In a recent blog, I referred you, dear Reader, to the Website http://whywontgodhealamputees.com/. Louise, of Chicken Voluntary fame commented “Actually, God did heal an amputee. But I’ll have to go find the info.”
Well, she is right, and I have found the info. I could only vaguely remember reading it somewhere, but thought that perhaps I had dreamt it. But no, I did not dream it, I read it in that repostitory of all things Vaticano, Word from Rome by John L. Allen. Jnr back in June 2004, and here is the story:
Briefly, the story holds that in July 1637, a young peasant from Aragon, Miguel Juan Pellicer, was working as a farmhand at his uncle’s house when he fell off a mule and a cart ran over his right leg, fracturing it under the knee. Eventually the leg was amputated. Pellicer became a beggar in front of the huge cathedral of the Virgin of Pilar, leaning on a wooden leg.
In March 1640, Pellicer went home to his village. On the evening of March 29, he went to bed around 9 p.m. (wildly early by Spanish standards, as I discovered on this trip). His mother went in to check on him between 10:30 and 11:00, and was startled to see not one foot sticking out from under the covers, but two. Two years and five months since the amputation, Pellicer, so the story goes, had an intact right leg.
As Messori notes, royal notaries arrived two days later to take down depositions about what had happened. These were officials of the crown, not clergy, and the records they created still exist.
One can of course make of this whatever one likes (Messori, for his part, believes that Calanda is a “great miracle” that almost all by itself demonstrates the authenticity of Christian claims about the miraculous).
What I make of it is that you should never say “never” when it comes to miracles. I guess that is what a miracle is: something that would “never” happen (as they say on the whywontgodhealamputees website):
No matter how many people pray. No matter how sincere those people are. No matter how much they believe. No matter how devout and deserving the recipient. Nothing will happen. The legs will not regenerate. Prayer does not restore the severed limbs of amputees. You can electronically search through all the medical journals ever written — there is no documented case of an amputated leg being restored spontaneously.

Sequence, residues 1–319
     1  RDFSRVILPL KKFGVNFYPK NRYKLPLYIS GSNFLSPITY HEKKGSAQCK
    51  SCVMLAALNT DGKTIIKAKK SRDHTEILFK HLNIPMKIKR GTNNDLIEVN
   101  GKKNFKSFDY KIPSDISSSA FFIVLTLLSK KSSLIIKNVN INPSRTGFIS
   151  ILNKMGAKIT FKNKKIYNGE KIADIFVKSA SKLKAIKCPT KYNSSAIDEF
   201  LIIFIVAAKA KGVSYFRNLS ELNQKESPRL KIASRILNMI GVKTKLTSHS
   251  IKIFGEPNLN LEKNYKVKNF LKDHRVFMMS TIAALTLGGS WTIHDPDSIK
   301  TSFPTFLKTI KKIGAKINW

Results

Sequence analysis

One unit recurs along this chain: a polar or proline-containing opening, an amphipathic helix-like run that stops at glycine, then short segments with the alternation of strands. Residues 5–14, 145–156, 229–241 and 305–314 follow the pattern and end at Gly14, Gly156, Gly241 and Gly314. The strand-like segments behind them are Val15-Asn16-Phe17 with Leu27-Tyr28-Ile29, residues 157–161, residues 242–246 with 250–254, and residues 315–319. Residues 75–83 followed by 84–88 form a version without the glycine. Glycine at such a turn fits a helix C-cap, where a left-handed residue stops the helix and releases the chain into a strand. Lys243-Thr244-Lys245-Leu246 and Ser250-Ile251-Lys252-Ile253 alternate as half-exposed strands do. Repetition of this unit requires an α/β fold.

Well, perhaps just one. Is that enough?
Yep, that’s the story I was telling you about. Well done!
And no, one miracle is not enough! No amount of miracles are ever really enough for those who don’t want to believe in God.
In fact, I read online, a great testimony from an ex-atheist, who himself had experienced many visions etc so that he eventually became a Christian.
But he said that in some ways these miracles weren’t quite enough, in that, he would often question his sanity some time after they had happened. I mean, they obviously were enough to get him on the road to belief, but clearly something else needed to sustain him.
Which reminded me of CS Lewis’s observation that you can’t live on last week’s roast chicken. Miracles are like last week’s roast chicken. But what we need is daily bread. Hence, prayer and the sacraments etc.
Anyway, the atheist convert who experienced these visions etc. just felt very humbled that he needed to be bombarded with so much of this kind of evidence, when most Christians believe without it. An interesting perspective, I thought.
There might be something in there for those who like to pursue rational (or even scientific–think Intelligent Design) proofs for the existence of God. All these “proofs” can ever do is show that faith in God is not irrational–they can never really compel people to believe.
That’s absolutely true, David. I think that to a large extent faith is a choice we make. Speaking for myself, my faith is not so much a firm conviction for objectively valid reasons, that the central doctrines of Christianity are true, but a conscious choice to trust that they are true, and to (try to) live my life accordingly.
In the absence of a firm conviction, why do I make that choice? Because I want to live in a universe where existence has a purpose and meaning, a universe which transcends the purely material, not just because I would prefer it, but because it makes sense; it is coherent. And so I choose to live in that universe, rather than in the purely material universe offered to me by, e.g., Richard Dawkins.